Swann, Chris Pavelka, Ardith Mel-
loh, Gene Logan, Toby Hughes,
Roy Cline, Joe Dannenbaum,
Helen Page, Lari Wester, Roger
Clark, Clint White, Connie Eekard,
Bill Fink, Iris Bullard, Charles
Ware, Helen Brady, Ronald Rxith,
Shirley Smith, Evelyn King, Dan
Ellington, Barbara Johnson, Pat
Huebner, Jim Leissnei- and Phil
From 51 Countries
Fifty-one students, from 21 for
eign countries, are currently en
rolled in the graduate school at
Fourteen of these stxidents are
fx-om India, eight from Peru, five
from Mexico, three fx-om both Nox--
way and Pakistan, and two from
Egypt and Argentina. Brazil, Can
ada, Ceylon, Columbia, Denmark,
Gi'eece, Japan, Korea, Holland,
Palestine, Panama, Paraguay, Phil
ippines and Puerto Rico have one
The names and home addresses
of the students are available at
the office of the dean of the grad
We Highly Recommend To You
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Nine education and three physi-
cal education majoi’s will practice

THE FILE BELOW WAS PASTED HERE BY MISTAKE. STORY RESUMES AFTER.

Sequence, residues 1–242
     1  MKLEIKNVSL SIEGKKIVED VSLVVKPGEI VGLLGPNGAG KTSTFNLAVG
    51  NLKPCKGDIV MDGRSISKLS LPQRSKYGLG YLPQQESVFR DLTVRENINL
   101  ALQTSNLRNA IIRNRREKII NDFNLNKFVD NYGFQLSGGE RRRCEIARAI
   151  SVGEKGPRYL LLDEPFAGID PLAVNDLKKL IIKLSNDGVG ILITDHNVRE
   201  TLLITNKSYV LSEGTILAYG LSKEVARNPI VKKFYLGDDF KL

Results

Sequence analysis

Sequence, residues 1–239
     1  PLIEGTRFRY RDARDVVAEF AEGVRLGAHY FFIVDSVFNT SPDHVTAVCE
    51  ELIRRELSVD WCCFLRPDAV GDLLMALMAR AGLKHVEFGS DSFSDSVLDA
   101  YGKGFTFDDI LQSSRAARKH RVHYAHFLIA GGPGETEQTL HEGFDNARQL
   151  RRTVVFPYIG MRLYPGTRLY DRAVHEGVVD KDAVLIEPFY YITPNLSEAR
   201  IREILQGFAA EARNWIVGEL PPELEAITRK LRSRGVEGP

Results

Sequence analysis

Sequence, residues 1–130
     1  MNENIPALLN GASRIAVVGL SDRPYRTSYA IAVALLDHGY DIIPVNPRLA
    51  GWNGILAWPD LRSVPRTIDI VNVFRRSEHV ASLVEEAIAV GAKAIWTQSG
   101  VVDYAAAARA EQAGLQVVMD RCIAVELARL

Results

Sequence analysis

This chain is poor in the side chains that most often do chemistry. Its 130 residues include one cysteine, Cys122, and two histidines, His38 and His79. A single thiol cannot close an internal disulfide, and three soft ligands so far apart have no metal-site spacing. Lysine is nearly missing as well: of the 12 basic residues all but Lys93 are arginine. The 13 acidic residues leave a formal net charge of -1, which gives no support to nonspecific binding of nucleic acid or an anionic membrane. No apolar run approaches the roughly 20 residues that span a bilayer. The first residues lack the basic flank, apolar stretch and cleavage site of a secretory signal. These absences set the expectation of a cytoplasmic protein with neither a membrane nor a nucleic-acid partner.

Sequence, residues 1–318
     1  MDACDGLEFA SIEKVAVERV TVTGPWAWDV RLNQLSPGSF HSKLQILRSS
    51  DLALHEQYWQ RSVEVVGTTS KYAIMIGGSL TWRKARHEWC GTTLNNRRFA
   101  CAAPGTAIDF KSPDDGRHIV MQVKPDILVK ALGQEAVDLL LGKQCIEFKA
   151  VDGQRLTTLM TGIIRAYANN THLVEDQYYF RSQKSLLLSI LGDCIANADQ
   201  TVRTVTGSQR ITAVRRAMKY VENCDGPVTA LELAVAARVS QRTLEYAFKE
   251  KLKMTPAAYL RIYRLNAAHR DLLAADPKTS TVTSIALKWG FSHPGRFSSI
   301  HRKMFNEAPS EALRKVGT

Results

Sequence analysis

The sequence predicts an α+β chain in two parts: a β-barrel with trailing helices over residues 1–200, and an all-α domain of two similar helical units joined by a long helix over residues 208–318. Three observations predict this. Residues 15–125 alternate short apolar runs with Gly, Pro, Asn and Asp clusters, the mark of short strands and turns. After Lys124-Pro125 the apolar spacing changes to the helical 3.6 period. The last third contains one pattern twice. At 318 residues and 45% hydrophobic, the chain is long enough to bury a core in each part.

teach this semester at Stephen
F. Austin High School and Lamar
Junior High School.
The pi’actice teaching is for Ed
ucation 212 which is now required
for a teaching certificate. It is
a six-hour credit course for sen
“The students will observe for
two or three weeks before actually
starting to teach,” said H. W.
Cook, principal of Austin. “They
will teach the whole semester or
a major portion of it.”
Steve Love, fifth-year student,
Rodolfo Hernandez and Gerald R.
Andexson, seniors, ax-e teaching
biology at Austin. Senioi's Gary
Palmer and Kerry Whitton are
teaching a course in American his
tory while James Braeutigam, sen
ior, is an algebxa instinxctor.
At Lamar seniors John Forten
berry and Lawrence Layman are
teaching math. Sixth-year student
Charles Gabriel and senior Tommy
Sawyer are instructing world his
tory class. Jake Hinson and
Geoxge Johnston, seniors, are
working with the Physical Educa